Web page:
Plant of the Month: Euphorbia

December 11, 2019

These evergreen plants work hard to provide all season interest. They can be placed in partial to full sun areas and are a fuss free plant in general. Most types are heat tolerant, but they should be watered regularly during their first growing season to help establish a good root system. Another benefit to these is that they are deer resistant so deer shouldn’t be munching on them much and they stay at about 18-24 inches tall and wide making them perfect for both container gardens and mixed beds. The milky sap that is produced by Euphorbias can be a skin irritant so make sure to wear gloves when pruning this plant. It’s also important to be aware that Leafy Spurge (Euphorbia esula) is considered an invasive species so it’s best not to plant that one. While Euphorbias (Spurge) don’t start blooming this time of year, they do still help brighten up a gray, winter day. These are a few that really shine this time of year.

Rudolph Winter Spurge (Euphorbia x martinii ‘Rudolph’)- This evergreen winter stunner adds some much-needed cheer to the gray rainy days we’ve been having. While it’s not blooming quite yet, it features bright red flower bracts, like Rudolph’s nose, and in spring will have greenish yellow flowers with red centers on blue green foliage.

Rudolph Winter Spurge (Euphorbia x martinii 'Rudolph')
Rudolph Winter Spurge (Euphorbia x martinii ‘Rudolph’)

Ascot Rainbow Spurge (Euphorbia x martinii ‘Ascot Rainbow’)- During spring and summer, foliage is a mix of sage and lime green with a yellow margin. In winter it flushes to pink and peachy-salmon colors. In late spring and into summer, the green and yellow bracts will have bright red blooms.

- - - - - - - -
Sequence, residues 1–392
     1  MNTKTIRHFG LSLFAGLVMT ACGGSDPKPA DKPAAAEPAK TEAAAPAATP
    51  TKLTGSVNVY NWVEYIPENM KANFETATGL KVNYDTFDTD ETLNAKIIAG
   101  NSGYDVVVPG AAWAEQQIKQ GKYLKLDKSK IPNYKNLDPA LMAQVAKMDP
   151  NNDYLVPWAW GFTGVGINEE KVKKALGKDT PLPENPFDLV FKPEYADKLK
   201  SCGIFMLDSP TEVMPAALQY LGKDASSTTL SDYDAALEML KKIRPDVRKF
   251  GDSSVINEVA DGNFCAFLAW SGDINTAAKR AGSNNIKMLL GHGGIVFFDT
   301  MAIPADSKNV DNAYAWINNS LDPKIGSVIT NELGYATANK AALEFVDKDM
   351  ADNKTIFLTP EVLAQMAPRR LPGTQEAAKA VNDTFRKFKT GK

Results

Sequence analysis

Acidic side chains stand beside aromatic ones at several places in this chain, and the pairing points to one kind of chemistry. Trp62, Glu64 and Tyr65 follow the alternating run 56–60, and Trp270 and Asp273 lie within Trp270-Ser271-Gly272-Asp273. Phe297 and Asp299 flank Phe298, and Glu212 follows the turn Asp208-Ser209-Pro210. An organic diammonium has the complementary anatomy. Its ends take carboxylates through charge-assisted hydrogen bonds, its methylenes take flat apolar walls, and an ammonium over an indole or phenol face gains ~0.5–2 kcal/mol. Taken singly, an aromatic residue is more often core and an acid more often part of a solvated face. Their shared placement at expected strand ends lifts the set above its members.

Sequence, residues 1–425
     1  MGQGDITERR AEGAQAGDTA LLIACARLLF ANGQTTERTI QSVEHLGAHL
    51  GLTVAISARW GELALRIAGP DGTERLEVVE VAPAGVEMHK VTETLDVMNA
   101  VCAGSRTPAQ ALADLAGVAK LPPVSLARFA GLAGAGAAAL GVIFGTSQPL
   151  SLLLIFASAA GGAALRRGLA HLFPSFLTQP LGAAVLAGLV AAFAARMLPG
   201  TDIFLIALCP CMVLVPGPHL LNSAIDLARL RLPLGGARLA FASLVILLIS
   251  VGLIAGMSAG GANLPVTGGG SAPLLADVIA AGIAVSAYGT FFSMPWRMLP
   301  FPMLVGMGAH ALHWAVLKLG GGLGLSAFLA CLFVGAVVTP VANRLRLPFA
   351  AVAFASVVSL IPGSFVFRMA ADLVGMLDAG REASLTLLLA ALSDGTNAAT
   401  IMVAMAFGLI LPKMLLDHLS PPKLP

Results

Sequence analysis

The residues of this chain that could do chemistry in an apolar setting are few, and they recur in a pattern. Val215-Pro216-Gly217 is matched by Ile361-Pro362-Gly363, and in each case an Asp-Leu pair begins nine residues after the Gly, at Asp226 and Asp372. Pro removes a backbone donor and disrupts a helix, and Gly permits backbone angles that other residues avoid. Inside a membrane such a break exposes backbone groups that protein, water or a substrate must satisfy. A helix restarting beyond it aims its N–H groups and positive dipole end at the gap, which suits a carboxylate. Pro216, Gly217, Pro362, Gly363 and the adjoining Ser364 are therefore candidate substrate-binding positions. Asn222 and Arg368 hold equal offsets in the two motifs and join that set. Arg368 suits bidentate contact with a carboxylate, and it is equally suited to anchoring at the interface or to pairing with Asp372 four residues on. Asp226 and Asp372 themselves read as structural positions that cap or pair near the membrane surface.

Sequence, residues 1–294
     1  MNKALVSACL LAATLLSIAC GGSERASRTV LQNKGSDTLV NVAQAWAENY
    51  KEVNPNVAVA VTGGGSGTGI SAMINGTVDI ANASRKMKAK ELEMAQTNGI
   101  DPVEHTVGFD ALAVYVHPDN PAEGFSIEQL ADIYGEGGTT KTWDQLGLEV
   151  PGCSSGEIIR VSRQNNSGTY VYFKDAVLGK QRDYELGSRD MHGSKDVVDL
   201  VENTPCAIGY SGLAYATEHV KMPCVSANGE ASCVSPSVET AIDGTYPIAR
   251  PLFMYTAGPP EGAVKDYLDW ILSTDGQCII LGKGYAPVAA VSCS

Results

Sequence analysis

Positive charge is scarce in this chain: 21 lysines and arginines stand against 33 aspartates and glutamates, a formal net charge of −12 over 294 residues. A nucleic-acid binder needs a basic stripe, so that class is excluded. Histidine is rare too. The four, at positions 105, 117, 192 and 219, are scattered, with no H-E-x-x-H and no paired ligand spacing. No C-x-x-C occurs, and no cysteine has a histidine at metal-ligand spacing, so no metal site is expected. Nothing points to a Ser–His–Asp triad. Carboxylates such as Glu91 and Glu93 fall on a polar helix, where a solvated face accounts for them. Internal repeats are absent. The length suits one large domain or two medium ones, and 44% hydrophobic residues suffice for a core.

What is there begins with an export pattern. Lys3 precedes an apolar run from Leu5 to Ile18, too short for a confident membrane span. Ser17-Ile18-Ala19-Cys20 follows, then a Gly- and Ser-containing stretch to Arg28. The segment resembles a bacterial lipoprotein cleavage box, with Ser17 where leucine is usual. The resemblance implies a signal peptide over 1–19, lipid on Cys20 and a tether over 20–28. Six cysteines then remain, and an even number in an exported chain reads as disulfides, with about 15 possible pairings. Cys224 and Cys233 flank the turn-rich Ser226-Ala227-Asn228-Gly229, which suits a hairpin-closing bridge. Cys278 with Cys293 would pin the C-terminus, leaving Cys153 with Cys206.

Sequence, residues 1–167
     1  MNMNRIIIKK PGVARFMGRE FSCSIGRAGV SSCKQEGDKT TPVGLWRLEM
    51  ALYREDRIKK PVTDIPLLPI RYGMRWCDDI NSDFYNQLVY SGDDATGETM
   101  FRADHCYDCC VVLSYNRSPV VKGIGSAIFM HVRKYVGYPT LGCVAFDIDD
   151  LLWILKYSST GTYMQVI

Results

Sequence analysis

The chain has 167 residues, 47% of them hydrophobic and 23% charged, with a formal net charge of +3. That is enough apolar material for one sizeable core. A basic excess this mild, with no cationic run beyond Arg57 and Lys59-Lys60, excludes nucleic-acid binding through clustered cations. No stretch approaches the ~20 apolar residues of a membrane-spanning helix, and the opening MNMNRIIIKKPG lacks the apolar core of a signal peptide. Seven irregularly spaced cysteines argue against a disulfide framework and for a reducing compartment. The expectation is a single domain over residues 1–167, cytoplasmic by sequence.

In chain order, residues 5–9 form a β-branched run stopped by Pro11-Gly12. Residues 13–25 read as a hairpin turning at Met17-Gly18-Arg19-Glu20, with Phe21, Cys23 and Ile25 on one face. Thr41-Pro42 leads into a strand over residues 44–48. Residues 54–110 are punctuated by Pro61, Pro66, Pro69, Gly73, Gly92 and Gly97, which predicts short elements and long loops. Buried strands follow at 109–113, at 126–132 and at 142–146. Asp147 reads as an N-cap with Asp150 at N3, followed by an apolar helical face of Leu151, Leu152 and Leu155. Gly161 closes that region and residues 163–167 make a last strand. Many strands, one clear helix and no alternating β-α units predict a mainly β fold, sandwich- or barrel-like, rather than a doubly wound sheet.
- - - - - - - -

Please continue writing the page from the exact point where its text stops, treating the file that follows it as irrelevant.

Ascot Rainbow Spurge (Euphorbia x martinii 'Ascot Rainbow') Photo Courtesy of Monrovia
Ascot Rainbow Spurge (Euphorbia x martinii ‘Ascot Rainbow’) Photo Courtesy of Monrovia

Redwing Spurge (Euphorbia x martinii ‘Redwing’)- This spurge has blue-grey foliage which forms a nice, tight mound.  Later in winter the flower spikes will start to develop and turn a dusty red before opening in spring to brilliant, bright golden-green. Another one that has similar coloring is Red Martin Spurge (Euphorbia x martinii ‘Red Martin’).

Redwing Spurge (Euphorbia x martinii 'Redwing') Photo Courtesy of Plant Delights
Redwing Spurge (Euphorbia x martinii ‘Redwing’) Photo Courtesy of Plant Delights

Blackbird Spurge (Euphorbia x ‘Blackbird’)- If you’re looking for a darker spurge, Blackbird is a good choice. It has bright red foliage starting out which matures to dark purple. Clusters of yellow-green flowers appear in early-late spring. The best foliage coloring happens when planted in full sun. Do you use Euphorbias in your container gardens or mixed beds? Do you have a favorite? Let us know in the comments, we’d love to hear from you!

Blackbird Spurge (Euphorbia x 'Blackbird') Photo Courtesy of Gardenia
Blackbird Spurge (Euphorbia x ‘Blackbird’) Photo Courtesy of Gardenia

Do you use Euphorbias in your container gardens or mixed beds? Do you have a favorite? Let us know in the comments, we’d love to hear from you!

3 comments... (add a comment)

  1. Sarah

    Euphorbia is extremely invasive. I have had to rip it out from existing landscapes because it was taking over other plants and trees as well as destroying walkways and patios. I don’t think you should be promoting this plant, nor incorporating it into your designs if you care at all about long term success of your landscape installations or for that matter, ecology.

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